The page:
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Economics trip to COP26

Early on Wednesday 10th November, ten Lower 6th economists, accompanied by Miss Gueganton and Mr Davidson, headed to Glasgow for a day at COP26. Tiger L one of the Lower 6th students who attended has written his account of this momentous day.  

At the COP26 Green Zone in the Glasgow Science Centre, we attended talks and exhibitions, meeting experts of innovation and technology who proposed ideas for tackling the climate crisis.

The morning began with a fascinating talk given by Ekaterra, the tea subsidiary of Unilever which is the biggest tea company in the world (with their brands including Lipton, PG Tips and Pukka). The speakers discussed how they would achieve restorative forestation and implement digital technology into agriculture. Sebastian Pole, the founder of Pukka, also emphasised the importance of collaboration between companies to create ‘conservationist commerce’. A key learning was that sustainability must be part of a business model otherwise your business plan will soon become defunct.

Following this, we enjoyed a planetarium show about how ‘we make our future’. We were taught the engineering design process and how this could be employed to find climate solutions. Innovation in technology was a key theme and we discussed how different design models could be implemented to create a circular economy where we repurpose our waste to better the world.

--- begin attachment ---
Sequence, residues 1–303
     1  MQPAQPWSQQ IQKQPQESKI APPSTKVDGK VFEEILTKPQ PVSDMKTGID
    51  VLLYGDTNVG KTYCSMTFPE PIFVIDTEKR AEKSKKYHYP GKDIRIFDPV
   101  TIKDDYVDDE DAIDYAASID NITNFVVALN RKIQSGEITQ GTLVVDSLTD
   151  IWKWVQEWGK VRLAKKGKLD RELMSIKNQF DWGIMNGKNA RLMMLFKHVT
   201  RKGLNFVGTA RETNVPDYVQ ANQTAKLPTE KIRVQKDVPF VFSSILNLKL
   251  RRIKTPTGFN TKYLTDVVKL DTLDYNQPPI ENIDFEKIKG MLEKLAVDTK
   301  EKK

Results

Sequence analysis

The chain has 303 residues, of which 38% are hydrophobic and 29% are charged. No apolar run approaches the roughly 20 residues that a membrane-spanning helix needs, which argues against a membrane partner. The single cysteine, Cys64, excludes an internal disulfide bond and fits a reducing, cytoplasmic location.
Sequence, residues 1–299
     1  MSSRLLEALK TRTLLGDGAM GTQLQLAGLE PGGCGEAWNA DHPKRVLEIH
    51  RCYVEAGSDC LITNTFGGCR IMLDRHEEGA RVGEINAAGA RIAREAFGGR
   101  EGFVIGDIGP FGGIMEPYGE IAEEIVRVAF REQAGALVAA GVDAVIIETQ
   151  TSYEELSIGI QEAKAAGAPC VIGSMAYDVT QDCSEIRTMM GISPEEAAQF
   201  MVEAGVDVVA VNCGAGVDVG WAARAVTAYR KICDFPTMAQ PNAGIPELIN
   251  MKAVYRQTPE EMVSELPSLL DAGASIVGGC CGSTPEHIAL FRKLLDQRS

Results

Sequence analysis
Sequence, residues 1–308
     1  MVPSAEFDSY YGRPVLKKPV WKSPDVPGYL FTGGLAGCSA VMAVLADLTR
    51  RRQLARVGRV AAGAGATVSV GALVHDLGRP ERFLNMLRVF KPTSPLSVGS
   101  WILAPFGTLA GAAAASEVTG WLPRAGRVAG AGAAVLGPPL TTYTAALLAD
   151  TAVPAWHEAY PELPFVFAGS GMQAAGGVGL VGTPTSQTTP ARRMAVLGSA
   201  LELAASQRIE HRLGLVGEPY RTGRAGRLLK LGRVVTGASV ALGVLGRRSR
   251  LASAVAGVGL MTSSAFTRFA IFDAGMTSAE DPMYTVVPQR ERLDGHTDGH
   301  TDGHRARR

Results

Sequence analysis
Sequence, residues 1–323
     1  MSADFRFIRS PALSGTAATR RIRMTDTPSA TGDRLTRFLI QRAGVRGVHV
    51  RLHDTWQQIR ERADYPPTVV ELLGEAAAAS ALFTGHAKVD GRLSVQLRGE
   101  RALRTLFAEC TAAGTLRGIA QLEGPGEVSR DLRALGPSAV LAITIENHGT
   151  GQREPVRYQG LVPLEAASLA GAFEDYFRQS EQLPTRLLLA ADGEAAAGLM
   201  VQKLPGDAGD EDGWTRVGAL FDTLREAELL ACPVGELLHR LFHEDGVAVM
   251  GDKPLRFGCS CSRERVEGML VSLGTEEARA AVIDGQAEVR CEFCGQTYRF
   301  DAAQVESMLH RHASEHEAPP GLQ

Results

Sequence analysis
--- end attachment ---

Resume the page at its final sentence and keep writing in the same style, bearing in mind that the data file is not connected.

In the afternoon we had the opportunity to explore the many exhibitions held by businesses such as Microsoft, NGOs including WWF as well as universities. I found one of the most interesting exhibitions was from the National Grid, which demonstrated how much power could be harnessed from offshore wind farms. We were surprised with the scale of operations and also intrigued by how wind power is used in conjunction with hydroelectric power to create a reliable and sustainable energy source as shown by SSE. Another highlight was the Rolls Royce exhibition on electric aviation and hydrogen engines. The plane on display was able to achieve 300 mph on battery power alone and this proved the possibilities of expanding the technology into commercial airlines. Hydrogen batteries were also on display, and we learnt about how they could be implemented into vertical take-off and landing aircraft.The exhibitions were also a chance for us to network and ask about future opportunities in the sector too.

The trip to COP26 was inspiring and insightful offering us a glimpse into what was being done and how we, as the next generation, can protect our planet.

Tiger L (L6th KI)